Borrowers who consolidate and refinance student loans combine two or more loans into one new loan with just one monthly payment, streamlining the repayment process. Consolidation and refinance also provide borrowers with an opportunity to reduce the monthly loan payments by increasing the repayment term. But, there are important differences between consolidation and refinance, such as the impact on interest rates and borrower benefits.
What Happens to Interest Rates When You Consolidate and Refinance Student Loans?
A federal consolidation loan bases the new interest rate on the interest rates of your current loans you’d like to consolidate.
Since July 2013, the interest rate on a federal direct consolidation loan is the weighted average of the interest rates on the loans that were included in the consolidation loan, rounded up to the nearest 1/8th of a percent, without a cap.
The interest rate on a federal consolidation loan is a fixed interest rate.
The use of the weighted average more or less preserves the cost of the underlying loans.
A private refinance bases the new interest rate on the better of the borrower’s credit score and the credit score of the cosigner, if any. Lenders use tiering, which maps several ranges of credit scores into specific interest rates.
The interest rate on a private refinance may be a fixed or variable interest rate, depending on the lender. Some lenders offer borrowers a choice of fixed and variable interest rates.
The interest rate on a private refinance may be higher or lower than the current interest rates on the borrower’s loans. Generally, it takes a few years after graduation for a borrower’s credit scores to improve enough that they can qualify for a lower interest rate. The borrower must manage their credit responsibly, paying every bill (not just the student loans) on time, by the due date. It is also helpful if the borrower has stable employment, sticking with the same employer for at least two years.
If the new interest rate on a private refinance is higher than the weighted average of the interest rates on the borrower’s loans, the new loan will cost the borrower more than their current loans.
If the new interest rate on a private refinance is lower than the highest interest rate on the borrower’s loans, but higher than the interest rates on the borrower’s other loans, it may be better for the borrower to skip refinancing their loans. Instead, they should target the highest-rate loan for quicker repayment. Note that consolidation and refinance prevent a borrower from accelerating repayment of the highest-rate loan.
Which Student Loans are Eligible to Consolidate and Refinance?
A federal consolidation loan may be used to consolidate only federal education loans, such as Federal Stafford Loans, Federal Grad PLUS Loans, Federal Parent PLUS Loans, Federal Perkins Loans and Federal Consolidation Loans. The borrower must be the same on all the loans included in the consolidation loan.
More than a third of federal student loan dollars are in federal consolidation loans made to more than a quarter of federal student loan borrowers.
A refinance (refi) is available only from private lenders.
Some private lenders will refinance only private education loans, while others will refinance both federal and private education loans.
Be careful when refinancing federal student loans into a private loan, as the new loan will not include the superior benefits of federal education loans. These benefits include low fixed rates, flexible repayment plans, longer deferments and forbearances, death and disability discharges, and loan forgiveness options.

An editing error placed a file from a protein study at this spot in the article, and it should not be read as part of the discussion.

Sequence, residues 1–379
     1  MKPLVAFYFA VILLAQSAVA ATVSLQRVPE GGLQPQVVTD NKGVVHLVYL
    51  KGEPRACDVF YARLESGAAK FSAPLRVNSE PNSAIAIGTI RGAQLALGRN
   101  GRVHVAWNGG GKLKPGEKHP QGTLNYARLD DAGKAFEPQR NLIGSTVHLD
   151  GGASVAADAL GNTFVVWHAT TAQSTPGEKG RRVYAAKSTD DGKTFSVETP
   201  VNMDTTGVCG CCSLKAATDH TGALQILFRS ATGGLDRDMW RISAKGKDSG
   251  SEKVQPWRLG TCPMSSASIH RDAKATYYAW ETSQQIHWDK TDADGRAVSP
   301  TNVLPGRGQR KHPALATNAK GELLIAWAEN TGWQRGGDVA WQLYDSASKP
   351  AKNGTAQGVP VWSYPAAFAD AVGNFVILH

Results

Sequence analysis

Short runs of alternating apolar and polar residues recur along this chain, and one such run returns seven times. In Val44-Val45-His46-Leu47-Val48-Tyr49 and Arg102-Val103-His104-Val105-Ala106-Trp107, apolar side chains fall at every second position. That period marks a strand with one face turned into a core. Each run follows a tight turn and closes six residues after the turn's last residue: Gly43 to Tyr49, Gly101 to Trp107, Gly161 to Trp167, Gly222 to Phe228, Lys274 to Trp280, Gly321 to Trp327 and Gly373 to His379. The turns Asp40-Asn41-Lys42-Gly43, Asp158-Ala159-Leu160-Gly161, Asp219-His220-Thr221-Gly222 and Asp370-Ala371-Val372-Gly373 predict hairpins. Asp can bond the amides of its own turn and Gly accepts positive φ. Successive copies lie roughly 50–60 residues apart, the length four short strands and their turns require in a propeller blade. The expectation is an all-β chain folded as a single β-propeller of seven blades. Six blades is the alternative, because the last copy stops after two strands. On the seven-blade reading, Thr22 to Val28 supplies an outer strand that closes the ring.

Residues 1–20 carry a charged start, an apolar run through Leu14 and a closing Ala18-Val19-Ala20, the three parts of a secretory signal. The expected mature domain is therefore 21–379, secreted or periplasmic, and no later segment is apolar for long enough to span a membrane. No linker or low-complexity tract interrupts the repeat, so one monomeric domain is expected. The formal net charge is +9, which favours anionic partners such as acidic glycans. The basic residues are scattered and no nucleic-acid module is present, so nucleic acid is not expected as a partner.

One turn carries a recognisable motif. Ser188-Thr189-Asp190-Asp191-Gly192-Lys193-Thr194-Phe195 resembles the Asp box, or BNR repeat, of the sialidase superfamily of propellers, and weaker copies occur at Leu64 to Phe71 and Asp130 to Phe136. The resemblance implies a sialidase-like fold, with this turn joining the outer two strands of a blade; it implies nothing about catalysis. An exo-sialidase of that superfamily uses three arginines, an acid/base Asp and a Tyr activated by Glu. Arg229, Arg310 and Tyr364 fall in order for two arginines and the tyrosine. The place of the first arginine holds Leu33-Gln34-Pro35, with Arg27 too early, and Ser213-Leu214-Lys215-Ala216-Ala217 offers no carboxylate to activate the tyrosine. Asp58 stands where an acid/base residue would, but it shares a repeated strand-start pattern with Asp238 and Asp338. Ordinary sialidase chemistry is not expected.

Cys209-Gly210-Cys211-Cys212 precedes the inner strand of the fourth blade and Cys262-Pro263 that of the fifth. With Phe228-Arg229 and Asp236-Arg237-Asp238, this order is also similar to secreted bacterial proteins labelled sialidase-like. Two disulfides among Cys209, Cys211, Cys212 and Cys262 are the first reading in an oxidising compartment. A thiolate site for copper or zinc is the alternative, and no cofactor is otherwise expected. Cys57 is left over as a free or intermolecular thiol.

Change in Repayment Plan
When a borrower consolidates or refinances their student loans, they may have the option of choosing a new repayment term or repayment plan.
A longer repayment term will lower the monthly loan payment, but it will also increase the total interest paid over the life of the loan.
For example, increasing the repayment term on a $10,000 loan with a 5% interest rate from 10 years to 20 years will reduce the monthly payment by more than a third, from $106.07 to $66.00, but will more than double the total interest paid over the life of the loan, from $2,727.70 to $5,838.18. Total payments, including principal and interest, will increase by about a quarter.
Beware: Even though some lenders refer to a lower loan payment as “saving” money, it may actually increase the cost of the loan.
A federal consolidation loan restarts the repayment term. This will yield a lower payment even if the borrower sticks with a standard 10-year repayment term. It can also reset the clock on public service loan forgiveness.
A private refinance may require a shorter repayment term for a fixed interest rate, but may be more flexible on the repayment term for variable interest rates.
You could save money by refinancing
A private refinance can save the borrower money, if it results in a lower interest rate. However, most of the savings comes from having a shorter repayment term than a lower interest rate. Borrowers can get the bulk of the benefit by increasing the amount they pay each month.
Our Loan Refinancing Calculator shows you how much you can lower your monthly loan payments or total payments by refinancing your student loans into a new loan with a new interest rate and new repayment term.
Consider the pros and cons of student loan refinance before you decide. Refinancing federal loans into a private loan means you will lose of the federal loan benefits, such as income-driven repayment options, potential for loan forgiveness and a generous deferment period if you lose your job or have an economic hardship.
If you decide that student loan refinance is right for you, check out our list of the best lenders to refinance student loans.